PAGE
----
th

The 14 World Conference on Earthquake Engineering October 12-17, 2008, Beijing, China

show the orbit plots of displacement at Keddara St-1 and St-2 for the mainshock and the selected aftershock. The measured difference in angle between the both stations is 20.7 degrees and 20.9 degrees for mainshock and aftershock respectively. Since the distance between the two stations is very small, only 100 m or so, the observed rotation angle may be caused by the orientation error of instrument installation (Yamazaki et al., 1992). The maximum resultant acceleration at Keddara St-1 is 333.0 cm/s2 but that at Keddara St-2 is 580.4 cm/s2 (Table 1). However, no such difference is seen for the resultant velocity (18.5 cm/s and 19.7 cm/s) and the resultant displacement (6.4 cm and 6.6 cm) for the stations 1 and 2.

Figure 6 Microtremor measurements at the seismic stations. The selected seismic stations are located in Algiers and Boumerdes provinces, which are most severely affected by the 21 May 2003 Boumerdes earthquake.
2200
2200

Acceleration Response (cm/s )

Acceleration Response (cm/s )

Mainshock (NS) Keddara St-1 Dar El-Beida Hussein-Dey

Mainshock (EW) Keddara St-1 Dar El-Beida Hussein-Dey

2

2

1100

1100

0 0.01

0.1

1

0 0.01

0.1

1

Period (s)

Period (s)

Figure 7 Acceleration response spectra of recorded mainshock at Keddara, Dar El-Beida and Hussein-Dey.

4. COMPARISON OF THE H/V RATIOS OF STRONG MOTION AND MICROTREMOR In order to evaluate site response characteristics, microtremor measurement was conducted at 4 seismic stations located in Algiers and Boumerdes provinces (Figure 6). Figure 7 shows the acceleration response spectra of recorded mainshock in this area from the stations of Keddara, Dar El-Beida and Hussein-Dey. The average distance between the adjacent stations is about 20 km. The amplitude at Dar El-Beida is quite different from those of the others. The duration of microtremor observation was set to as 5 minutes, and in order to conduct Fourier analysis, the record was divided into six parts of 50 s duration. The Fourier spectrum was smoothed by Parzen window of 0.4 Hz bandwidth. The horizontal-to-vertical (H/V) Fourier spectral ratio was calculated between one of horizontal (EW and NS) component and the vertical component, as well as the average spectral ratio defined as follows:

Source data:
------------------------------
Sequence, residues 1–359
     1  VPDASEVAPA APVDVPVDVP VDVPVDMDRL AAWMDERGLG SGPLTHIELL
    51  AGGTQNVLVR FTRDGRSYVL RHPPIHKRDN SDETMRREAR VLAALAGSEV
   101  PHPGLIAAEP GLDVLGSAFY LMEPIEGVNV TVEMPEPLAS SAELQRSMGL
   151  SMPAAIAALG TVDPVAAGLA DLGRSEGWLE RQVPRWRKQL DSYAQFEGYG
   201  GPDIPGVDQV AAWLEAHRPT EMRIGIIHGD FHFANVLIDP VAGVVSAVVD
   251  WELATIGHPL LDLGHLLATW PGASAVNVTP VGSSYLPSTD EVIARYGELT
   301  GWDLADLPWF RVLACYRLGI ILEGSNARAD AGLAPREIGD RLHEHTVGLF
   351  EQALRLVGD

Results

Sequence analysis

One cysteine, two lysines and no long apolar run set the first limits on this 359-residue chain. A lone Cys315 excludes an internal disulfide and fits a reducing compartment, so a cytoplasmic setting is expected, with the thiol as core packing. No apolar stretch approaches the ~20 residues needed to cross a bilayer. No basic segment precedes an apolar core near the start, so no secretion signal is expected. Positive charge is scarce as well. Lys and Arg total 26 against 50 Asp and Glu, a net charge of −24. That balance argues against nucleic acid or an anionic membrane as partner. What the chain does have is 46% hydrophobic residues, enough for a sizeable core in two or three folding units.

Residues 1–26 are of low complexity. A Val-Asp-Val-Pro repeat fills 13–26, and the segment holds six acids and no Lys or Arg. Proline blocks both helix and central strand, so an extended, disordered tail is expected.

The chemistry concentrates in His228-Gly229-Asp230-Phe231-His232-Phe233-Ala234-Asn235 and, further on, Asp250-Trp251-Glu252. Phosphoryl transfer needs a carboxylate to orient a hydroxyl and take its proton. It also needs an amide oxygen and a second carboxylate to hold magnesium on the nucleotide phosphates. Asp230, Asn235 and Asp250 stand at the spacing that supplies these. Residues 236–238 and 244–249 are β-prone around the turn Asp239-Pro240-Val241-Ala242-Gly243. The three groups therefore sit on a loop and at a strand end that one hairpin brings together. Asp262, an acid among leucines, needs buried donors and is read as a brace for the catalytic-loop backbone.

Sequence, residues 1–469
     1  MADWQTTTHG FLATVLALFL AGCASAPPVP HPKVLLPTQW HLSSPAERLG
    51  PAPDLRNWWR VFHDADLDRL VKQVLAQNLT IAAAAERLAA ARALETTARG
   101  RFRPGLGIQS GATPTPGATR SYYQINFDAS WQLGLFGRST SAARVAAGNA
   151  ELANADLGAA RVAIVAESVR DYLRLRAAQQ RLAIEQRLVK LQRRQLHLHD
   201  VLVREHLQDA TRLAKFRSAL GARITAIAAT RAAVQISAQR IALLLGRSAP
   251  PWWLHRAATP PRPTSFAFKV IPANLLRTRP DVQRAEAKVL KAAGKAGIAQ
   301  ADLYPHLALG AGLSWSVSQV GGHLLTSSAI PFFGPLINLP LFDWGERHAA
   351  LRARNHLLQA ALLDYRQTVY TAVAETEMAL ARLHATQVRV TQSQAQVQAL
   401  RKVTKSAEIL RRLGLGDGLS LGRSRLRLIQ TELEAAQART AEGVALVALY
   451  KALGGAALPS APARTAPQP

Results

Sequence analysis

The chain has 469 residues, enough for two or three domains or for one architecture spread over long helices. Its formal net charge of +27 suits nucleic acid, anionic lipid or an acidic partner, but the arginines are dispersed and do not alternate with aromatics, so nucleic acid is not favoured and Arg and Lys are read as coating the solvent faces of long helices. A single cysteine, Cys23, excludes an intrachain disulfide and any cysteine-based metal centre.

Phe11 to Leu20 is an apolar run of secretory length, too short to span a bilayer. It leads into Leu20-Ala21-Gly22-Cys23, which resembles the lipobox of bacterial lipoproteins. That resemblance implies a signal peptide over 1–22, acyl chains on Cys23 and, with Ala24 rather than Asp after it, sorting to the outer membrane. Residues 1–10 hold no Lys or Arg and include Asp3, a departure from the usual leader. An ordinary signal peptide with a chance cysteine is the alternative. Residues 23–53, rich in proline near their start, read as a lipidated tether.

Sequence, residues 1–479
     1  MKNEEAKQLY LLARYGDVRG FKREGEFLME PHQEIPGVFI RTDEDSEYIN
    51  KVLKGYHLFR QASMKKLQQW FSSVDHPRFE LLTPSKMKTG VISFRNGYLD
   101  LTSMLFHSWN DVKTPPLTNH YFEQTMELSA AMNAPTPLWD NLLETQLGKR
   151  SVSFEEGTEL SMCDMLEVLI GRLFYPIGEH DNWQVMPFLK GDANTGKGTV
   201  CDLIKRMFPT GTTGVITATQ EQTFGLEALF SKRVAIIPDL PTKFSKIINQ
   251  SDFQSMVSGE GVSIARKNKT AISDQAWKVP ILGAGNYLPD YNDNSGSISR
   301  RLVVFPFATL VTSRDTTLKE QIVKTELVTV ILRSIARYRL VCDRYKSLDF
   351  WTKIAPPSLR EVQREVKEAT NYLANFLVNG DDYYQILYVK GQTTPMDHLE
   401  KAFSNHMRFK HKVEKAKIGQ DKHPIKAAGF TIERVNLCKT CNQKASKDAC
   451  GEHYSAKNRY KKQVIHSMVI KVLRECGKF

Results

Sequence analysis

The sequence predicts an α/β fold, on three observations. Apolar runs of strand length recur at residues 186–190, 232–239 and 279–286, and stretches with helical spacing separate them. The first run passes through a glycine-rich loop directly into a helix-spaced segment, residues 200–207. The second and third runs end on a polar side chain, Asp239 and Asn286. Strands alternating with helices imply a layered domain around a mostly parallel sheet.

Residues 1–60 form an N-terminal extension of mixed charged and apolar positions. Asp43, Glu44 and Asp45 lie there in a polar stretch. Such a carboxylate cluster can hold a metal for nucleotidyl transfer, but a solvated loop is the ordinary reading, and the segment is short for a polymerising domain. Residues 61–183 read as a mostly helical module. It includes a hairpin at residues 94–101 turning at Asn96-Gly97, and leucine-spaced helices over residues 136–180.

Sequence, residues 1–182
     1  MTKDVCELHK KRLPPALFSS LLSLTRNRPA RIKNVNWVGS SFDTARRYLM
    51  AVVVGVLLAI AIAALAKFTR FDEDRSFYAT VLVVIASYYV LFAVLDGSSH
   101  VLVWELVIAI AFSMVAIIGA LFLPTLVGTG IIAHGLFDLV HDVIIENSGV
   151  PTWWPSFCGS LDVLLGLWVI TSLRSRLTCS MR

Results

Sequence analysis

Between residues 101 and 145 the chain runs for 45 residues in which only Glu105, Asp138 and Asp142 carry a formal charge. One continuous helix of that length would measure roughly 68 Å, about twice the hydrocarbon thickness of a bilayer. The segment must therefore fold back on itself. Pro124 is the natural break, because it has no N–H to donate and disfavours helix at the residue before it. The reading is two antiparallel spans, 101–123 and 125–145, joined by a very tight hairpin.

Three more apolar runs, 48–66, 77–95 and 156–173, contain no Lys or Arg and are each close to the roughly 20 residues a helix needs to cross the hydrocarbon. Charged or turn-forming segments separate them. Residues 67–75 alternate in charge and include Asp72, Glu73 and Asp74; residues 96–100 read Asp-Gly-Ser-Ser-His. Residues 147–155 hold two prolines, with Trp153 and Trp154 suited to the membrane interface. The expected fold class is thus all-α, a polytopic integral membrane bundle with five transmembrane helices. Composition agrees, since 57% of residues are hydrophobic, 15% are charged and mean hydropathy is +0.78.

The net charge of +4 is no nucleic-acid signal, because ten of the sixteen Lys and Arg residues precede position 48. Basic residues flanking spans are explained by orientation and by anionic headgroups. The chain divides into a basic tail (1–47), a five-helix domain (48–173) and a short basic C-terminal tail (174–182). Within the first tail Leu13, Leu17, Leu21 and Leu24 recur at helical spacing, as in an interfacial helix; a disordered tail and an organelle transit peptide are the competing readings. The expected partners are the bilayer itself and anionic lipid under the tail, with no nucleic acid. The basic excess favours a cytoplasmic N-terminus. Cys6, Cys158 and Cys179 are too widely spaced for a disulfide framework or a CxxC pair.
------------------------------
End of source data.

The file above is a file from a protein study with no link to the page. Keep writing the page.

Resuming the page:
th

The 14 World Conference on Earthquake Engineering October 12-17, 2008, Beijing, China
FNS (T ) FEW (T ) FUD (T )

Rave (T ) =

(1)

where Rave is the average H/V spectrum ratio, FNS (T ) , FEW (T ) , and FUD (T ) are the smoothed Fourier spectra for the two horizontal (NS and EW) and vertical components, respectively.
10 Microtremor Keddara - PT1

10

H/V Spectrum Ratio

1 NS/UD EW/UD Average 0.1
10

H/V Spectrum Ratio

Microtremor Keddara - PT3

1 NS/UD EW/UD Average 0.1

0.1

0.1

Period (s)

1
Microtremor Keddara - PT2 (Keddara St-1) 10

Period (s)

1
Microtremor Keddara - PT4 (Keddara St-2)

H/V Spectrum Ratio

1 NS/UD EW/UD Average 0.1

H/V Spectrum Ratio

1 NS/UD EW/UD Average 0.1

0.1

Period (s)

1

0.1

Period (s)

1

Figure 8 Layout of microtremor measurement points and H/V ratio in Keddara. PT2 and PT4 correspond to Keddara seismic stations 1 and 2, respectively. PT1 and PT3 are the added points for microtremor
10

10

H/V Spectrum Ratio

H/V Spectrum Ratio

1 Keddara St-1 Mainshock Aftershock Microtremor 0.1 0.1

1 Keddara St-2 Mainshock Aftershock Microtremor 0.1 1

0.1

Period (s)

1

Period (s)

(a) Keddara St-1 (b) Keddara St-2 Figure 9 Comparison of H/V spectral ratios between microtremor and seismic motion: Keddara St-1 and Keddara St-2

4.1. Keddara In case of Kaddara, in addition to the two seismic stations, microtremor measurement was conducted at two more points to explain the difference in seismic motion. Thus microtremor was measured at the 4 points with about 50 m distance in Kaddara. Figure 8 shows the microtremor measurement points in Keddara and the H/V Fourier spectral ratios at these points. For Keddara St-1 (PT2), the H/V ratio is seen to be almost flat with a small peak in the period less than 0.1 s, while in Keddara St-2 (PT4), the H/V ratio looks almost flat without peaks. PT1 and PT2 (Kaddara St-1) show the similar H/V behavior with a low peak at a short period. This peak may be due to the presence of soft soil with small thickness. PT3 and PT4 have resemble H/V ratios without a peak. For all the four points, it is clear that the area has a hard soil condition, note that Keddara earth dam is located approximately 400 m from PT4 (Keddara St-2).